Over 80 filmmakers and Cinema Eye curators voted on the first class of “Unforgettables” honorees selected “to publicly acknowledge the rich collaborations that often take place between subjects and filmmakers,” according to Cinema Eye founding director AJ Schnack. It’s tricky territory. The list includes another killer: Tilikum the deadly orca who killed multiple humans while in captivity, who doesn’t sit for a single interview with the filmmakers in Blackfish.
Blackfish, purchased by CNN at Sundance, is the story of a captive performing Orca connected to the deaths of several people and premieres on Thursday at 9 PM ET. The film traces the 39-year history of killer whales in captivity leading up to a 2010 incident in which an experienced Sea World trainer was killed by the 12,000-pound orca, Tilikum, who had previously been associated with the deaths of two other trainers. Orcas are thought to be one of the most intelligent species in the animal kingdom, and the film details the consequences of holding them captive to perform for the amusement of spectators, while subjecting them, CNN said, to a “much darker existence when the show is over.”Pandora’s Promise features the rift within the environmental movement created when some environmental experts take a journey of “defection” in the debate over climate change, and now support nuclear energy; it premieres November 7 at 9 PM ET. Oscar-nominated director Robert Stone examines how fears of “nukes” may have extended the era of fossil fuels, perilously accelerating the pace of climate change as the global demand for energy soars, particularly in the developing world, and takes viewers inside the exclusion zone around Fukushima and into the area of the Chernobyl nuclear power plant.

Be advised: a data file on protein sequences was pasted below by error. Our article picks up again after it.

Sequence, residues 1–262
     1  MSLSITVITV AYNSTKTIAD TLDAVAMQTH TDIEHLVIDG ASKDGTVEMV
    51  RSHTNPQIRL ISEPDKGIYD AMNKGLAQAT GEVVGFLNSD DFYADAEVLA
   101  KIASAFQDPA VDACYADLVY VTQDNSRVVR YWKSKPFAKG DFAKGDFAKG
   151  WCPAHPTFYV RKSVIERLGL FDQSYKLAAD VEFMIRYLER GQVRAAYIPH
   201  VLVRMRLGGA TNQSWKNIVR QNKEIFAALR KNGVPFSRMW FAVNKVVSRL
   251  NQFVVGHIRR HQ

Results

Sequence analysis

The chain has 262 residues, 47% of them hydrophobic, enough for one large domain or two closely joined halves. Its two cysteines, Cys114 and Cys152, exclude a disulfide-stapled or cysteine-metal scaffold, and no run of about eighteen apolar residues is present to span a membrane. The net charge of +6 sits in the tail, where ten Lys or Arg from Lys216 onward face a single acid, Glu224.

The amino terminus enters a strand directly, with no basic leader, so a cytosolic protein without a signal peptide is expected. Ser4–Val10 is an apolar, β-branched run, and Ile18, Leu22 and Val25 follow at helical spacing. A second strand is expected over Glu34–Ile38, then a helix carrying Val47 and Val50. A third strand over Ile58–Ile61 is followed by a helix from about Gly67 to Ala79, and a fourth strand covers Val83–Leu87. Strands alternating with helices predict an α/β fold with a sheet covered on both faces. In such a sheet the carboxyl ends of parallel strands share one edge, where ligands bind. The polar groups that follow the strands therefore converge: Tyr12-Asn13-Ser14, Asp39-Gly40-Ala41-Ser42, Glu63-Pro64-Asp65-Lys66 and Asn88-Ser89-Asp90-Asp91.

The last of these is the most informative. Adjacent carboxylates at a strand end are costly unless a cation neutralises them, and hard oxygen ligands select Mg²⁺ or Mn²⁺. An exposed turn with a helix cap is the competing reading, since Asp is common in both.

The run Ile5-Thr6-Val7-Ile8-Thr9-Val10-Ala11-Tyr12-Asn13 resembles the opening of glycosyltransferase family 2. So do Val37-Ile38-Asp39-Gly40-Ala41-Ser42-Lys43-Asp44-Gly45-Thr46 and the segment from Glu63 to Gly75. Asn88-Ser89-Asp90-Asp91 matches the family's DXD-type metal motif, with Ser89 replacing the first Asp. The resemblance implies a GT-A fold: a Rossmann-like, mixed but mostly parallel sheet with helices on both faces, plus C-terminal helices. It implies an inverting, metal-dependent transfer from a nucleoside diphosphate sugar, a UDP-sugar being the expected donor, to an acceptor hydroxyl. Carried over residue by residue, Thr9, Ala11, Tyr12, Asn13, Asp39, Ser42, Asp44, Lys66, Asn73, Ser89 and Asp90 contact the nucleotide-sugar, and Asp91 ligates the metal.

UPDATED: Documentaries lead the way with sizzling debuts among the Specialties over the weekend. Drafthouse Films clearly won bragging rights with critically lauded Danish-produced feature The Act Of Killing. The film re-tells the story of the little-known massacre of leftists and perceived leftists in Indonesia in the 1960s and ’70s through Hollywood-style re-enactments of the crimes by the killers themselves. It opened at downtown Manhattan’s Sunshine theater, grossing $28,067. Though only one venue, the bow nevertheless gives the title reason to boast — placing it atop all other documentary debuts in 2013 including the likes of 56 Up ($22,088 per screen average), The Gatekeepers ($20,517 PSA), 20 Feet From Stardom ($18,199 PSA), Koch ($17,598 PSA) and Stories We Tell ($13,527 PSA). Also opening with some gusto this weekend was Magnolia’s Blackfish. The fellow Sundance docu opened in four theaters, grossing $66,500 for a $16,625 PSA, placing it in the middle of the year’s top non-fiction openers. The weekend’s big narrative debuts, Only God Forgives and Girl Most Likely, meanwhile, skirted the traditional platform strategy and headed into a number of markets. Cannes debut Forgives, starring Ryan Gosling, headed with a mix of critical response into 78 theaters, grossing a so-so $315K for a $4,039 average (though the film is No. 2 on iTunes this weekend). Meanwhile, Roadside/Lionsgate’s Girl Most Likely with Kristen Wiig, Annette Bening and Matt Dillon had the largest Specialty bow of the summer with its 353 locations, grossing $736K for a soft $2,085 PSA. Read More »
At this year’s Sundance several buyers were interested in the Blackfish, the documentary about the notorious killer whale Tilikum that is responsible for the deaths of three individuals, including a top trainer. Magnolia Pictures and CNN Films, which kicked off its sales activities during the festival, ended up combining on the rights deal. Magnolia releases it July 19 and CNN will air it sometime in the fall.